I would like to construct a bounded, real function $f:[a,b] \to \mathbb{R}$, which is not Riemann integrable, but has antiderivatives. I can easily construct an unbounded function with this property, but finding a bounded one is significantly more difficult.
All I could find was this topic (Non-integrable function that has an antiderivative) which offers some valuable insight into this matter, but doesn't actually construct a function with this property.
I also wonder if such a function can be expressed in terms of elementary functions because in the topic above some results from measure theory are mentioned and these are beyond my reach.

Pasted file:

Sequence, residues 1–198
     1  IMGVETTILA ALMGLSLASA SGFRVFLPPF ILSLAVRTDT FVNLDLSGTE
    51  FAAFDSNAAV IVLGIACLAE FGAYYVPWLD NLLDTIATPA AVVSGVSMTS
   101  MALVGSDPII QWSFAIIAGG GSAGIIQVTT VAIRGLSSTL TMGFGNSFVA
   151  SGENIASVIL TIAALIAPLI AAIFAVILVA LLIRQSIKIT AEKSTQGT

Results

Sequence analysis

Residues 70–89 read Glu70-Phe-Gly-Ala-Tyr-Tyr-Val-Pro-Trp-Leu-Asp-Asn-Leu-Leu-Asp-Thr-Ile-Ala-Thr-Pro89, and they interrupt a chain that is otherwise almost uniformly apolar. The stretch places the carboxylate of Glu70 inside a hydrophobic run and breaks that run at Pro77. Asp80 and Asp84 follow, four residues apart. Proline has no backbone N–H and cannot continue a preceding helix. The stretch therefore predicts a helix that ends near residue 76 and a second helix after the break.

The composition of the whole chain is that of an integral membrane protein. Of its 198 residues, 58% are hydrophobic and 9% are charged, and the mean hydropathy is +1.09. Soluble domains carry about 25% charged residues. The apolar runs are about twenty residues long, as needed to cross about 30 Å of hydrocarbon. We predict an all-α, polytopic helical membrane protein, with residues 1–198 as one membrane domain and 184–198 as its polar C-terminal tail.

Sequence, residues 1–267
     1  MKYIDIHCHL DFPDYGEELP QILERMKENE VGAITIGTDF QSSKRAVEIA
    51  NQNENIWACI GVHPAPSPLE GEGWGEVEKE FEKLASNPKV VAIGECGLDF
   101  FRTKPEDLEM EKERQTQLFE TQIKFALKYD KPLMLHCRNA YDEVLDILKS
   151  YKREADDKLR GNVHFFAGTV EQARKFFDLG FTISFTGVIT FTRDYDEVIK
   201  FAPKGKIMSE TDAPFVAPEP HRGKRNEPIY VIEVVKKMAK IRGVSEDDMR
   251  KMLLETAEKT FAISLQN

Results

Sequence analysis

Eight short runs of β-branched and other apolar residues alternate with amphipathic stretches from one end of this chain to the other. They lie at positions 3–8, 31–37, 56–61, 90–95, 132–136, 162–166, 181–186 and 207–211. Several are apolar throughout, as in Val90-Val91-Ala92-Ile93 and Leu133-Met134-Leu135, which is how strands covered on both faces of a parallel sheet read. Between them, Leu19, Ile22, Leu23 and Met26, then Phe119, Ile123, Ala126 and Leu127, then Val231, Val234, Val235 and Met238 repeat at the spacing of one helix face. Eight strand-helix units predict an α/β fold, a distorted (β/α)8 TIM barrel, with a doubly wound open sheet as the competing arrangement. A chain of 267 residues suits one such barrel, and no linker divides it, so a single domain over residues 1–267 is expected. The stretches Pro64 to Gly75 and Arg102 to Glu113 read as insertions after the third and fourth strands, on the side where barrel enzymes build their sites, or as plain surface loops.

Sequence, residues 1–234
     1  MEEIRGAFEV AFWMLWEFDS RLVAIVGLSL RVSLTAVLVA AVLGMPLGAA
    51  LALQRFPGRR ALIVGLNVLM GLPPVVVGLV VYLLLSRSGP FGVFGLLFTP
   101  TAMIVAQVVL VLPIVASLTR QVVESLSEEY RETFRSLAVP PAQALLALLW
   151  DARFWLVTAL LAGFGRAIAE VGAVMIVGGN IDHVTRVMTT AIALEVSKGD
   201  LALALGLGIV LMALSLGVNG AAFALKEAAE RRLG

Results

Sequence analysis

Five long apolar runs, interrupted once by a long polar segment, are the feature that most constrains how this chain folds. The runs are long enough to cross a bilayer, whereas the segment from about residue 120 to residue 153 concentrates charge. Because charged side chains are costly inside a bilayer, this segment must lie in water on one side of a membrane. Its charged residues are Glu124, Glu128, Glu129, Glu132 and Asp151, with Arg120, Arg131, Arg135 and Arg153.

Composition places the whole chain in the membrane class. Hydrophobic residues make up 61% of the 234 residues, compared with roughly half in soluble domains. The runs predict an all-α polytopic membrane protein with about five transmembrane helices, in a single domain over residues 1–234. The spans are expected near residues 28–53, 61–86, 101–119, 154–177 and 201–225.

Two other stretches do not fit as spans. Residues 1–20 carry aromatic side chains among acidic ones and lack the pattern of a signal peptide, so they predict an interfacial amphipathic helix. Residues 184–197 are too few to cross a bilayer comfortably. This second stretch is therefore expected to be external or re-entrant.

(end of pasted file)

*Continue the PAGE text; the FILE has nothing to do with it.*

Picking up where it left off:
Thank you for taking your time to read my question !

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    $\begingroup$ See this. $\endgroup$ – David Mitra Aug 12 at 19:19
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    $\begingroup$ Also, this. $\endgroup$ – David Mitra Aug 12 at 19:25
  • $\begingroup$ "integrable" mean Riemann integrable? $\endgroup$ – zhw. Aug 12 at 19:58
  • $\begingroup$ @zhw Yes, it does, sorry for the ambiguity, I will edit it. $\endgroup$ – Alexdanut Aug 12 at 21:04

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